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Browsing: eCommerce in Africa
Blockchain is one of the pioneer technologies leading the 4th Industrial revolution alongside AI. It has proven its compatibility with Africa's diverse economy.
According to Statista, the total economic revenue drawn from E-commerce within Africa exceeded their initial estimate of $16.5 billion and at an all-time high of $37.77 billion.
Individually blockchain and E-commerce have revolutionized Africa's digital world. Although combined, they ensure rapid efficiency and improvement in Africa's digital economy.
Over the past decade, Africa has relatively gone through a slow but steady metamorphosis within its overall economy. The upcoming 4th Industrial Revolution has shifted young African entrepreneurs' minds. Long gone are the days when Africa is only recognized for its agriculture as the continent steps into a headstrong digital age.
E-commerce has thrived within Africa's borders, having organizations like Jumia, which achieved its unicorn status simply from its endeavours within Africa. E-commerce is a thriving economy slowly but
During the mid-1990s, the internet revolution gained momentum, with many businesses recognizing that they needed to adopt internet solutions if they were to stay relevant. New companies offering services that were outside what had been the conventional norm became leaders in the global economy. With young tech enthusiasts adopting disruptive ideas, the supply of goods and services was no longer limited to locality. This led to the popularity of online stores, and the birth of companies such as Amazon.
From the humble beginnings of his rented home garage, Jeff Bezos started his online book store, eventually adding more products to the catalogue. To date, Amazon can arguably be said to be one of the leading e-commerce companies in the world, with a recorded market share of over 35% in the United States of America alone.
Africa on the move
Although Africa was viewed as lagging in development for …
Technological advancements, financial sector innovations and recent health threats like the Coronavirus have fuelled a greater reliance and need for digital trade and online shopping. The surge in E-Commerce globally has resulted in the need for efficient payment and data management systems. The adoption of data centres provides a data management system solution that allows for efficient payment across e-commerce platforms.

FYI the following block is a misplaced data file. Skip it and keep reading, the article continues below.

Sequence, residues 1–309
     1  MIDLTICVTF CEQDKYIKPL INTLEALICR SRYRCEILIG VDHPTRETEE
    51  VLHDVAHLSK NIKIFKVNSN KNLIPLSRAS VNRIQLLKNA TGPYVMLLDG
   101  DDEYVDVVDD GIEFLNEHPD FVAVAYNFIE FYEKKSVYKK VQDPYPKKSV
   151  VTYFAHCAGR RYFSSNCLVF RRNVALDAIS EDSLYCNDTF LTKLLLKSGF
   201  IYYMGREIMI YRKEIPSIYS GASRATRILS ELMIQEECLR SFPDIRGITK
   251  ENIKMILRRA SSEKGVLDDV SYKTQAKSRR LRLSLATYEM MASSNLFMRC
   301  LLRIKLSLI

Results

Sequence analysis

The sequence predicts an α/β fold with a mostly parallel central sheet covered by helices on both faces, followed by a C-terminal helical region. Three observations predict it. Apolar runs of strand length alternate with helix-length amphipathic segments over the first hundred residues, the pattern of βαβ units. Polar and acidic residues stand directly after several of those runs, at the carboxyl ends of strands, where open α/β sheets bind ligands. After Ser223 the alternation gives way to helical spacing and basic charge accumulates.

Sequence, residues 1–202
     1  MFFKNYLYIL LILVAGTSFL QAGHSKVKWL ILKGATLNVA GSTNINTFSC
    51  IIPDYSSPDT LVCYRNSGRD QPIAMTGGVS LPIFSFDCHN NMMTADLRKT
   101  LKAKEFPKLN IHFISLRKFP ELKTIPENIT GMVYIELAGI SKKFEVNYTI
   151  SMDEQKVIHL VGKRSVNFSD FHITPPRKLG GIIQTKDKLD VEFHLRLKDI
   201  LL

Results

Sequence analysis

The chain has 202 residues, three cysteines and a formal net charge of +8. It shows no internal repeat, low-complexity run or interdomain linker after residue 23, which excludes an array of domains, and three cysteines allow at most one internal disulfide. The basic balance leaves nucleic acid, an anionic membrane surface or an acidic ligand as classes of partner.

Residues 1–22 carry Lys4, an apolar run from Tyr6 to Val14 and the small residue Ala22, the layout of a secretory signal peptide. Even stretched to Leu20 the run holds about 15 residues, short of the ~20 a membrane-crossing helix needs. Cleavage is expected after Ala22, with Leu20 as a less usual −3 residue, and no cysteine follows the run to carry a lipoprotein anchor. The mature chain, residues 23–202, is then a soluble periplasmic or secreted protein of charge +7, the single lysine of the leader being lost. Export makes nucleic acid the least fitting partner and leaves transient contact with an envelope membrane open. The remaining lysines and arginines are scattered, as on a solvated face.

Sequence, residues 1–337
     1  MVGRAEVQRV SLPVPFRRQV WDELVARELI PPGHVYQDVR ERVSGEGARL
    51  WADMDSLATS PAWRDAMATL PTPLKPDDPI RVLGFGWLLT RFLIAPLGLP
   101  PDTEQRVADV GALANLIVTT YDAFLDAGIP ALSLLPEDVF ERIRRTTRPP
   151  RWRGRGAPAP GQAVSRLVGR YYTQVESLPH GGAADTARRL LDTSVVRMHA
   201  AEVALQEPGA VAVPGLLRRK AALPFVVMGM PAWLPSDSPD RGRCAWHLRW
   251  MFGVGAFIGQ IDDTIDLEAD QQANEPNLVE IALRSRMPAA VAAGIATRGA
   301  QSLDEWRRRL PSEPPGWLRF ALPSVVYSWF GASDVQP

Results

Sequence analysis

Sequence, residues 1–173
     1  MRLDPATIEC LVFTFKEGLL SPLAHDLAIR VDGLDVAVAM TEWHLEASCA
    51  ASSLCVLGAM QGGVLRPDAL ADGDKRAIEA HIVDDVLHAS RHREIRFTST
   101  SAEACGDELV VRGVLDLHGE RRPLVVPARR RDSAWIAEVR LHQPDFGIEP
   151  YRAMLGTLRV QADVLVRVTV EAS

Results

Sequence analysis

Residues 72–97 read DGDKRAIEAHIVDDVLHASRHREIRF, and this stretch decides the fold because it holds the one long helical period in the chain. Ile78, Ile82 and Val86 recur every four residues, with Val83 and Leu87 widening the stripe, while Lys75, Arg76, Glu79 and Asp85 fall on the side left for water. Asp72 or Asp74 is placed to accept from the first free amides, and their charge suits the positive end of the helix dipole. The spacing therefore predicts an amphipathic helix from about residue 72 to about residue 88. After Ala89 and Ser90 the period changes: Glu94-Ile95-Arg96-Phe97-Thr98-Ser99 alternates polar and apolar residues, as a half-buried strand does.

What are data centres?
Data centres are ICT command centres used by various businesses to provide cloud storage, data processing and applications support services. These are useful to ensure safe, efficient and reliable online markets.
IT penetration in Africa is the major determinant of the growth and development of data centres. Economic and administrative prioritisation has not been directed towards investments in IT infrastructure. A norm that IT investments are concerns for the private sector and not for the government prevails throughout the continent. As such, the continent is …
In the words of Charles Dickens these are “the best of times and the worst of times” – the financial world is suffering severe labour pains but is also pregnant with possibilities. It appears that the East African business world is breaking early for Christmas but I am sure that all of us are desperately trying to predict the future for both our local economies and the world in general. Here in Uganda we are seeing a significant increase in Covid-19 cases which is, of course, in no way linked to the frantic and socially un-distanced political campaigns currently taking place!! Frankly nothing is certain except considerable uncertainty.
So if there aren´t any certainties then what are the likely economic and consumer trends for 2021?
It is inarguable that a world economy that was already approaching its peak pre-Covid-19 period has moved rapidly into recession. The effects
By the time Safaricom launched M-Pesa payments in 2007, the market for digital payment in Africa was barely scratched. With poor internet connections, defragmented payments systems, and a non-existent online-based customer base, the continent was in darkness.
In 2006—prior to the launch of M-PESA, the leading local mobile money transfer service—only 18.5 percent of Kenyans used formal services (i.e., mostly bank accounts), 8.1 percent used semi-formal services (such as those provided by microfinance institutions), 35.0 percent used the informal sector (rotating savings and credit associations), and no less than 38.3 percent were completely excluded.
A decade later, the industry has expanded rapidly, giving birth to new entrants who have pushed the worth of this sector to billions of dollars and other billions exchanged through various platforms. These include the use of mobile money, credit cards, virtual cards, instant bank transfers, and QR codes.
The global digital payments market size is …
Allied Wallet Africa, a global FinTech company offering various payment solutions in 196 countries, recently announced a new office in Angola, to support the growing opportunities for African entrepreneurs and business owners.
Millions of people are eager to engage in online commerce but lack proper support and functionality. South Africa has the largest e-commerce market in the continent with Nigeria and Kenya following closely, and people of the region are eager to trade and transact in the new digital space.
“Africa deserves the opportunity to participate in e-commerce, they deserve advancement,” said Allied Wallet Africa CEO Andy Khawaja, “We are happy to be chosen for this opportunity. We are dedicated to helping these entrepreneurs and creating new opportunities in the region.”
Allied Wallet Africa will bring new, ‘open API’ online payment solutions along with mobile payment options, digital wallet solutions, and even solutions catered to utility and payroll functions. …